Liquid steel works as a very tough yet elastic material by having its metal atoms tightly-packed but randomly arranged in an amorphous matrix during its manufacturing process. It is an alloy that is rapidly cooled to prevent the differently-sized atoms of the various metals that comprise it from forming crystals, resulting in a material that is harder than stainless steel but elastic. These properties are responsible for liquid steel's many industrial and commercial applications.
One commercial liquid steel product developed by the California Institute of Technology is Liquidmetal, a combination of five elements: 41.2 percent zirconium, 22.5 percent beryllium, 13.8 percent titanium, 12.5 percent copper and 10.0 percent nickel. Also known as metallic glass, it is used to make the metal casings of cell phones, the metal heads of golf clubs and the metal portions of other sports equipment, resulting in products that are stronger yet smaller, thinner and lighter.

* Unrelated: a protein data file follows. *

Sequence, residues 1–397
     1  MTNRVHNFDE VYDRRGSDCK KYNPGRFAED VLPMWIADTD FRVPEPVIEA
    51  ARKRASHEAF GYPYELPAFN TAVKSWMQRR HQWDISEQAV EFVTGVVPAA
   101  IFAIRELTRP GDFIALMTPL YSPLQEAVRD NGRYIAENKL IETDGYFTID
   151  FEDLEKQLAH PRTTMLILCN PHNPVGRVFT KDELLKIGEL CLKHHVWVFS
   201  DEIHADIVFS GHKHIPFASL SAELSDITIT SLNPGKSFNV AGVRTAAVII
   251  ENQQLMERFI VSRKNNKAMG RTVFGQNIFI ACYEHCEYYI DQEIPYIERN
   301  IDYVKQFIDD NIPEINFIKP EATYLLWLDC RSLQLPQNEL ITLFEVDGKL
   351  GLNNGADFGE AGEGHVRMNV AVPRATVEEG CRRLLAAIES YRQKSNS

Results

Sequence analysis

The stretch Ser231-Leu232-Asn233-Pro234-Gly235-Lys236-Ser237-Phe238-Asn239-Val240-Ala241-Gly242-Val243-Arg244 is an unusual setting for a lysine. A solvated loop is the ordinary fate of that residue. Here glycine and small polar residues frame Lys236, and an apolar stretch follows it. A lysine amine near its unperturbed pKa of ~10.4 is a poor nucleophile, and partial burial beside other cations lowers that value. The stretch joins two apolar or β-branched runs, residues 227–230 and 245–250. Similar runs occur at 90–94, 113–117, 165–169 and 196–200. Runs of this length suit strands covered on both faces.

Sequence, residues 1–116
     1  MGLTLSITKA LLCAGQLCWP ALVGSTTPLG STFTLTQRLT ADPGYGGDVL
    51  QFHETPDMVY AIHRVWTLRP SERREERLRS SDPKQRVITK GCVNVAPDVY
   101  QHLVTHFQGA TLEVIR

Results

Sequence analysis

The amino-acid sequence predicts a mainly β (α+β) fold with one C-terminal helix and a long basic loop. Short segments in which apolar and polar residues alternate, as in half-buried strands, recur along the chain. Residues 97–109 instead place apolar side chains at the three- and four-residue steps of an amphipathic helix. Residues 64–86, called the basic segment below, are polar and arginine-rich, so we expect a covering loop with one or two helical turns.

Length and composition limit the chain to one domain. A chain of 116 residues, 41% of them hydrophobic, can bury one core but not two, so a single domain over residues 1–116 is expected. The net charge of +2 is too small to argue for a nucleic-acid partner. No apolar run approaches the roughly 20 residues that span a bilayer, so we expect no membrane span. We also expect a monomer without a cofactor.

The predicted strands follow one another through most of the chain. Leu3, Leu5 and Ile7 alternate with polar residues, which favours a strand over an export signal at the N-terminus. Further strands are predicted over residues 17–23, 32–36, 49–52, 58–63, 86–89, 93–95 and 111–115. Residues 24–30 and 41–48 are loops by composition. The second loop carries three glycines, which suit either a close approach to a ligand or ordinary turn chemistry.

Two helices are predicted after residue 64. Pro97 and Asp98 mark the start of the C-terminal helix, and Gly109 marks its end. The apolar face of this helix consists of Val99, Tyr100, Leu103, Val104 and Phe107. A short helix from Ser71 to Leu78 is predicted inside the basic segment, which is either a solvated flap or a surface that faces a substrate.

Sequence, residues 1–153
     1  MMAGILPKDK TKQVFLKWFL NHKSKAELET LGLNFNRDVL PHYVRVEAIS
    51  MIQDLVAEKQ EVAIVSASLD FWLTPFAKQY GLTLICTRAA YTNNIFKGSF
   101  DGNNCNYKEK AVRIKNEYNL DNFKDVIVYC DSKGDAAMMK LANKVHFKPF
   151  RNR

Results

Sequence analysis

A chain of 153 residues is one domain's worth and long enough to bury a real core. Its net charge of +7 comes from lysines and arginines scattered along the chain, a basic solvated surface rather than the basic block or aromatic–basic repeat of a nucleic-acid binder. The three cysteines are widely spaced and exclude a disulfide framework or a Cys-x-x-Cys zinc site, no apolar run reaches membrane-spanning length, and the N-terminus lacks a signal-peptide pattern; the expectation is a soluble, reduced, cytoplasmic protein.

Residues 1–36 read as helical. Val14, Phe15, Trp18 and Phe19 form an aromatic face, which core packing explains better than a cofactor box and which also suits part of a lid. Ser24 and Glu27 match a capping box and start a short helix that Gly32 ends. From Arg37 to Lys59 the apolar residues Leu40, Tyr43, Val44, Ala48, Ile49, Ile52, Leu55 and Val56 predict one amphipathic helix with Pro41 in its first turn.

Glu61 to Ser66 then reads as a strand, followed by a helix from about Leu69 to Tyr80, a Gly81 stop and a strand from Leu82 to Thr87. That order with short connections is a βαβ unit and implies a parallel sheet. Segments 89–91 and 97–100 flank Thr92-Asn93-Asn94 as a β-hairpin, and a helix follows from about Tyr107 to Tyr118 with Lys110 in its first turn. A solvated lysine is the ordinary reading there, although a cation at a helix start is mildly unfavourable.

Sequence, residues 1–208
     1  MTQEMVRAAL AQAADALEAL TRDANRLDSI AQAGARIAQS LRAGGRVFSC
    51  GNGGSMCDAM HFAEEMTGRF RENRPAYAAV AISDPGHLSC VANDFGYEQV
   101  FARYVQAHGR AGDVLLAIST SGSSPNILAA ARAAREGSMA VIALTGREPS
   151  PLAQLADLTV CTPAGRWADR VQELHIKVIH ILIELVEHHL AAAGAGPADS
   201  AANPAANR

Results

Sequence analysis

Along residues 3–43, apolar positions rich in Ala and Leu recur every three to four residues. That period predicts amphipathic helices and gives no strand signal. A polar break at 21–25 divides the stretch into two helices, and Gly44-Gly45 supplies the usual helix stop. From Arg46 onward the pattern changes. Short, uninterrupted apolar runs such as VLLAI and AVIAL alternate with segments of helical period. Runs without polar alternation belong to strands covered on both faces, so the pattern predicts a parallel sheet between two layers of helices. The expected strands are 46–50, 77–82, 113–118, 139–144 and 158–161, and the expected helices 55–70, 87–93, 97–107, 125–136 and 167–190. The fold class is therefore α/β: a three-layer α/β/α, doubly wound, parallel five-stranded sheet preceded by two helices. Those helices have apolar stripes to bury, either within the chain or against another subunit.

Liquid steel is also used as an industrial coating for machines and equipment that are used in environments of extreme temperature, corrosion or wear, such as the wall of a refinery coker. The military uses liquid steel to make armor-piercing ammunition that has better safety and performance. The electronics industry is looking at various kinds of liquid steel to substitute for expensive and fragile silicon-made molds used in nanoimprint lithography.
Metallic glass also has important medical applications, such as the production of surgical knives that are sharper, longer-lasting and more consistently manufactured compared to stainless steel or diamond. One type of metallic glass that dissolves in the body and provides scaffolding for new bone growth may substitute for titanium or steel screws or plates to fix bone fractures.